Reconciliation is at the center of the gospel. 2 Corinthians 5:18-19 says, “All this is from God, who through Christ reconciled us to himself and gave us the ministry of reconciliation; that is, in Christ, God was reconciling the world to himself, not counting their trespasses against them, and entrusting to us the message of reconciliation.”
Jesus Christ was sent to this world to reconcile our sinful selves to God and call us to the ministry of reconciliation. Reconciliation means “to restore to friendship or harmony.” Christ first restored our relationship and harmony with God and now offers this same act as a ministry for us to participate in with others. Reconciliation is the very act of adoption – we were brought into God’s family after our brokenness was restored through Christ.
We see much division across our nation due to differences in perspectives and experiences. This spans across values, politics, faith, and racial issues, just to name a few. God calls us to walk in harmony with others and seek reconciliation. He calls us to see value in those that may look, act, or believe differently than us and not to separate ourselves. One of those areas is racial reconciliation, which has come to the forefront of our nation’s attention. For transracial adoptive families, you have been confronted with many feelings, fears, and concerns as racial tensions now confront us. As a world, we are challenged to consider what it means to seek harmony when any of our community is hurting and in need. What should reconciliation look like?
The process of reconciliation should first look like opening and evaluating your heart, mind, emotions, and actions, through guidance by the Holy Spirit. Laying yourself before God and praying along with David in Psalm 139:23-24, “Search me, God, and know my heart; test me and know my anxious thoughts. See if there is any offensive way in me, and lead me in the way everlasting.” As God reveals sin in our thoughts, words, and deeds, we can ask Him first for forgiveness and then turn to seek forgiveness and harmony from any that we have hurt. How might this look in a racial reconciliation context? We can allow God to examine our hearts for any judgments, prejudices, or racist thoughts, words, or deeds.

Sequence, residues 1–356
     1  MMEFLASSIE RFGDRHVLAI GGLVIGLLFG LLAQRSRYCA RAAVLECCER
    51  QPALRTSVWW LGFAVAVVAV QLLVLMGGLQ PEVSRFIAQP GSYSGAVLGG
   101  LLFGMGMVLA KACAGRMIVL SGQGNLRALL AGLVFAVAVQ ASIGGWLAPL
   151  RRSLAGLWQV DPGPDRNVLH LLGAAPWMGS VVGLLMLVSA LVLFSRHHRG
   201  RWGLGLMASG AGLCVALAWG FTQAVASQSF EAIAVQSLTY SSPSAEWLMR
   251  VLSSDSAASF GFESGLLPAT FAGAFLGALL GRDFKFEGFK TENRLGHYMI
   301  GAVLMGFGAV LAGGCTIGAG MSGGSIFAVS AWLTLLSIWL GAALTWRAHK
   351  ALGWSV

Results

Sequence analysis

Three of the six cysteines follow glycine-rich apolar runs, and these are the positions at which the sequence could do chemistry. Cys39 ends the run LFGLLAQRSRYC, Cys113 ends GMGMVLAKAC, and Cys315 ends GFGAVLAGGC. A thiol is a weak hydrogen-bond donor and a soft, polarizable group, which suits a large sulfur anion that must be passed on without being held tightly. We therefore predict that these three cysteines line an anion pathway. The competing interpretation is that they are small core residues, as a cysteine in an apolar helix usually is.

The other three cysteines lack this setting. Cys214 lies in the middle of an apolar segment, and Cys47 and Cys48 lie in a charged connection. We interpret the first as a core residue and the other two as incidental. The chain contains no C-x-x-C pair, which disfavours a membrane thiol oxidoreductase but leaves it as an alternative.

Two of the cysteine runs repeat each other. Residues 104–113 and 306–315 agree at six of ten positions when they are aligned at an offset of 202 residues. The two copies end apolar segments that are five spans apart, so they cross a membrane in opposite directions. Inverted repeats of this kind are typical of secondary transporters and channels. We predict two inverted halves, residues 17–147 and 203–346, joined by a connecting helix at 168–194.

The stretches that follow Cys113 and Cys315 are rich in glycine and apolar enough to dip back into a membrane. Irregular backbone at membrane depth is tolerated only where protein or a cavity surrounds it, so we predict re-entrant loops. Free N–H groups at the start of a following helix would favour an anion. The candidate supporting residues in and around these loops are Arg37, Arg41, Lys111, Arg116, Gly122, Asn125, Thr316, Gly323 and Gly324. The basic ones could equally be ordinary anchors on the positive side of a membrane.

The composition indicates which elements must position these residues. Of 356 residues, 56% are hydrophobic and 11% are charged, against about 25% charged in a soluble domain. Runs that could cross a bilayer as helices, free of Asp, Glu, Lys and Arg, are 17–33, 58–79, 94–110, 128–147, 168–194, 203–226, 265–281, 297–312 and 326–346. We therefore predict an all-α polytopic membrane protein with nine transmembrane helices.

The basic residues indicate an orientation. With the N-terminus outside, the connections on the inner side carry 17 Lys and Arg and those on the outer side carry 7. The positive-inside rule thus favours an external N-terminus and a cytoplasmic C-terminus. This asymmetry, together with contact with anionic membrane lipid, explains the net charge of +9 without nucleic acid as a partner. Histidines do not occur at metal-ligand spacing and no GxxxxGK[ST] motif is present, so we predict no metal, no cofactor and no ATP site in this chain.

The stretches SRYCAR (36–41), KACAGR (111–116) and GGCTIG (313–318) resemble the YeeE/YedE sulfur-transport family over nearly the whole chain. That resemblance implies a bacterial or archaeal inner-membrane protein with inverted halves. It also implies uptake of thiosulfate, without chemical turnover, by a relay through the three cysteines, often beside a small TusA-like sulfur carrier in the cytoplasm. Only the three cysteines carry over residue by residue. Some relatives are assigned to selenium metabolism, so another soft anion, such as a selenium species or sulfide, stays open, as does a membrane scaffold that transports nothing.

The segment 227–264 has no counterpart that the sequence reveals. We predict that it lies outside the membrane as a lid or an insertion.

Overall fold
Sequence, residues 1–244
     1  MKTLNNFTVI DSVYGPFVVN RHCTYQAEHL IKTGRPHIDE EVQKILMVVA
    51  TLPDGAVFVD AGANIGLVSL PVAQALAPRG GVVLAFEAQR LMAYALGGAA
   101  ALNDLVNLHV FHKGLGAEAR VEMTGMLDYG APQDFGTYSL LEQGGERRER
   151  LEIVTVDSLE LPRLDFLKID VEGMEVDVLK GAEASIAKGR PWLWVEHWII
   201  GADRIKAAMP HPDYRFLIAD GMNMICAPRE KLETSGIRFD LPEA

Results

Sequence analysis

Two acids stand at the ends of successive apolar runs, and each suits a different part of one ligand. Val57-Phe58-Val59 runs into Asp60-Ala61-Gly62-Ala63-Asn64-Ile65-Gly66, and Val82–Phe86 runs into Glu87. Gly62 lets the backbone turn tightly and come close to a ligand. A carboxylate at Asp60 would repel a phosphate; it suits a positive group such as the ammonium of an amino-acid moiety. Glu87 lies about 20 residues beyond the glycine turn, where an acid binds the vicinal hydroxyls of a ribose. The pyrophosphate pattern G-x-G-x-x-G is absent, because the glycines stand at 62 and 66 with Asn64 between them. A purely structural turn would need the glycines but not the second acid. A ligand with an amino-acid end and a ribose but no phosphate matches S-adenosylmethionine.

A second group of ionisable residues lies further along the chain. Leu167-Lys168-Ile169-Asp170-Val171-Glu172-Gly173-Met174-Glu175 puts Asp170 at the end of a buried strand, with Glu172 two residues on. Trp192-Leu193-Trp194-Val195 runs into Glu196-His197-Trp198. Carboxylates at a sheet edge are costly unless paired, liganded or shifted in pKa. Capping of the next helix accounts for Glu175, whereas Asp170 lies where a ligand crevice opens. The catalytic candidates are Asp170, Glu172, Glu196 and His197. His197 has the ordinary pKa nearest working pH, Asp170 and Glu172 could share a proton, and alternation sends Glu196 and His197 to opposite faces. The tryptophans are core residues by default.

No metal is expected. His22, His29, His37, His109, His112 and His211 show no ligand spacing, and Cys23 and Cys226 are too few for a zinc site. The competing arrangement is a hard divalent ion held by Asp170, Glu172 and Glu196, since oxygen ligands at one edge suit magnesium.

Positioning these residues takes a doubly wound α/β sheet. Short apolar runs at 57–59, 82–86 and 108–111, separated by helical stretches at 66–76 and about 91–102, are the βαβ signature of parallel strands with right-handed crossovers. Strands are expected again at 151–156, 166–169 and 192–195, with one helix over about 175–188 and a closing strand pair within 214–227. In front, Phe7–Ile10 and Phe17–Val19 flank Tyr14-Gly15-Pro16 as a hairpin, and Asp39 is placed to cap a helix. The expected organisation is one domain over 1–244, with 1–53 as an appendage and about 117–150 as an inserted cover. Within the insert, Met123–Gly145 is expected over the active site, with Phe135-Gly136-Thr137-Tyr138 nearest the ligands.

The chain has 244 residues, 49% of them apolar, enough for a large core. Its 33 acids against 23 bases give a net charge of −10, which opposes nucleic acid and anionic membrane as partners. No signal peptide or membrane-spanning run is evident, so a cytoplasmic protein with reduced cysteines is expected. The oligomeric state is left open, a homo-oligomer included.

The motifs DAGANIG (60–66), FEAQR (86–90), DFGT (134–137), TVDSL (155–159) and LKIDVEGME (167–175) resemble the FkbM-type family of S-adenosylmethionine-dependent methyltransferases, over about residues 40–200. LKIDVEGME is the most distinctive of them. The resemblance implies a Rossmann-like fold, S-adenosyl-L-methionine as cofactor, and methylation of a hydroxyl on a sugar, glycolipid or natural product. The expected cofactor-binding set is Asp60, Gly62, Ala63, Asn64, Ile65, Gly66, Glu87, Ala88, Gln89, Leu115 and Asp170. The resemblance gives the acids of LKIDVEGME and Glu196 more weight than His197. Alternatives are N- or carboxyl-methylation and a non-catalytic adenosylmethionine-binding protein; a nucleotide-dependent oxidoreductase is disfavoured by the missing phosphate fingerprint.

Being surrounded by our culture that has been permeated with racism, these thoughts can creep inside us, often without our realization. God can reveal these to us through prayer, reading books that address racism, listening to the voices of people of color around us, and examining our hearts. When we as individuals can do this, it plays into the greater movement of our society seeking harmony and restoration with others that have been wronged. We can seek harmony with our brothers and sisters of color around us and speak to others through our ministry of reconciliation.
Where does adoption fit into the narrative of racial reconciliation? Adoption can move us in the right direction, but this is done through changes in our hearts: not simply through the act of adoption. Transracial adoption does not fix underlying problems. A family adopting a child of a different race or ethnicity into their family will not automatically rid them or others of prejudice. When the adoptive parents open their hearts to reconciliation as they consider adopting a child of another race, He can show you any places of racial prejudice inside you to rid from your heart and mind, as discussed above. Adopting a child from another race or culture will naturally bring up conversations and comments from friends and family that will allow you an opportunity to speak the truth and confront any of their prejudicial beliefs, whether conscious or subconscious. These conversations allow others to learn about someone else’s experience that differs from their own and challenges them to understand. These are changes that can come from our experiences in adoption and can impact the greater sins of racism around us if you are mindful to do so.